The battles of Shiloh and Corinth brought troops to the Muscle Shoals where a rail line from Tuscumbia ran westward to Corinth and Memphis. I think it is possible Sylvester saw this picturesque land where the Tennessee cuts through the Alabama hills with the many white rapids and just wanted to live there. It may have been more prosperous in Florence, if anywhere during reconstruction could have been. A new bridge over the Tennesses replaced the one destroyed by the Union during the war. This old narrow bridge plagued traffic until a new one just downstream replaced it in 1936. In 1884 a newspaper was established in Florence which may have been a healthier place to live intellectually as well as physically than the Applachian hills of Winston County. In 1873 Yellow Fever took its toll in south Alabama while cholera was found in Birmingham. In 1888 the first steel made from Alabama iron was produced in Birmingham which doubtless helped the economy but put more need on the coal mines north of the city. Few laws in Alabama protected the worker and the mines were death traps as well as producing lung ailments affecting the workers years later. Will Thomas’ son, Chess, was born in Coal Valley where Will lived a short time in the early nineties. This was a town built for coal mining and indicates Will moved there to work in the mines for a short time. Nathan Pearson said that the town rose then disappeared after some mining disasters.
In 1872 Sarah Caroline gave birth to her last child, Charlie; she was 45 and was to die five years later. She lived long enough to see her oldest boy, W. T., marry a neighboring girl, Lucy, the daughter of John Hall, the shoemaker from Tennessee. On Monday, December 20, 1876, they went to Tuscumbia and were likely married in a Methodist or a Nazarene church. Christmas followed on Saturday of that week. During the spring of their first year of marriage (1876) Alabama was besieged by rough weather and on Monday, April 3, a great storm wreaked havoc through the state. This also was the year Federal troops were withdrawn from the state.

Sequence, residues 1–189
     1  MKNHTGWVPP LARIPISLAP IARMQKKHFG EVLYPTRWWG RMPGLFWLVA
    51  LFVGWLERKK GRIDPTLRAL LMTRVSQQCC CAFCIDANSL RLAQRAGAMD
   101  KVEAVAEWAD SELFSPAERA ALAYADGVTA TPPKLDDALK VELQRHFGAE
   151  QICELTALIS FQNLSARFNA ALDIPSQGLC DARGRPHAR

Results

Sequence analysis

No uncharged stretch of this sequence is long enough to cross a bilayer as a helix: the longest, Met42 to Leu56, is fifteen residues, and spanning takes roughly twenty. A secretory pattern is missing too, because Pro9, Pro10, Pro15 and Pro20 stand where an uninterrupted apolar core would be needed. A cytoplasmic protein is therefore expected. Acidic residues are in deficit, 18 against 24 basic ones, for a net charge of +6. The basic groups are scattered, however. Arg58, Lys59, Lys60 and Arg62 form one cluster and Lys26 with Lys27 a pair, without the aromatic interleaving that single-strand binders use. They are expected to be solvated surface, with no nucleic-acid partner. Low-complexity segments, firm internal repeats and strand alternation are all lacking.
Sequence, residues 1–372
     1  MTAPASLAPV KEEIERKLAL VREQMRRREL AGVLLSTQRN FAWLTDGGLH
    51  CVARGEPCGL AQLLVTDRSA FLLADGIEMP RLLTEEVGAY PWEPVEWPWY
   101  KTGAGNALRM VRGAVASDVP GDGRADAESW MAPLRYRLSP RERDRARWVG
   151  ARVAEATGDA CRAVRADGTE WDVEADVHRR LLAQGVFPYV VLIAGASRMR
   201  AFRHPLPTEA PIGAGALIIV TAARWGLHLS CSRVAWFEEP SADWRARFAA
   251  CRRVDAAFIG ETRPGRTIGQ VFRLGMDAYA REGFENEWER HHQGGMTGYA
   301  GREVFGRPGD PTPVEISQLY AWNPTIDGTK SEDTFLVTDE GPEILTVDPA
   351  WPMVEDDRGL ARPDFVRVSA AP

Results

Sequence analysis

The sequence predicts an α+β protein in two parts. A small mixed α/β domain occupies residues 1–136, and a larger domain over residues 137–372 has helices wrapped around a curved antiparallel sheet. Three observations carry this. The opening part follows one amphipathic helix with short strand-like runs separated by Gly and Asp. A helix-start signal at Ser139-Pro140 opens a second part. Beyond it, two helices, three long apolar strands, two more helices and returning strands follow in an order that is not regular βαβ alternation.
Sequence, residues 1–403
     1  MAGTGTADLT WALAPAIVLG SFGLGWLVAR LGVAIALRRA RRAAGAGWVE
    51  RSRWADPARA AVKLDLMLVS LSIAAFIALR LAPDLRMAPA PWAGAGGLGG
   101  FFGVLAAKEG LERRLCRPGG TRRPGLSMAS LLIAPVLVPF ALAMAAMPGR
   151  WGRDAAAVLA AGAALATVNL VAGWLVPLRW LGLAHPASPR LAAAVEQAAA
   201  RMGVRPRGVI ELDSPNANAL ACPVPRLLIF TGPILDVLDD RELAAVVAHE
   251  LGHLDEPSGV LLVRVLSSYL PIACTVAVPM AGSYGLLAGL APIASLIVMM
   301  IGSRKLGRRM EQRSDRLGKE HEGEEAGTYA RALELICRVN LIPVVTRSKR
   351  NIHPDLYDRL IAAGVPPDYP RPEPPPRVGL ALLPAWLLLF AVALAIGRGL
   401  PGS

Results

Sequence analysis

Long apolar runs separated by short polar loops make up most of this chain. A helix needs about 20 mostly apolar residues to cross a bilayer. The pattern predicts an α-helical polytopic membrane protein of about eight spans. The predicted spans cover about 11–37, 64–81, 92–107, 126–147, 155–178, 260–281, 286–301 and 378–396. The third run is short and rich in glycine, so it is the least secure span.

Sarah Caroline died a year and one half after Will and Lucy married. Lucy was six weeks pregnant with her first child (George) but Sarah would not likely have known as this was the middle of the Victorian age and we might wonder how they did announce the pending arrival of a child in those days. Sarah Caroline saw some of her grandchildren however; young Malinda had married Major William Marion Warren, a widower, and a veteran of the Civil War. Malinda, who was probably called Maggie, was 17 or 18 when she married the Major who was in his early 40’s, an age difference not unusual at that time. Their first child was Elizabeth Jo Warren born November 2, 1872 in Sheffield. We might wonder if this was the first grandchild to Sarah Caroline and Sylvester as we do not know anything about their oldest child Cynthia. Cynthia was last listed in the 1860 census at twelve years of age, so she could have been married by 1870 if she survived the war and reconstruction.
The families of Major Warren Will Densmore5 and John Washington Hall lived next to each other on their farms in or near Florence, south of the Tennessee. The Densmores married into both families but I do not know of a marriage between the Halls and Warrens. Petway Hall, the son of John W. Hall, named a son Warren Hall but I think this was because of friendship rather than blood ties. It is interesting to trace the relationships between the Densmores and the Warrens during those years toward the end of the nineteenth century.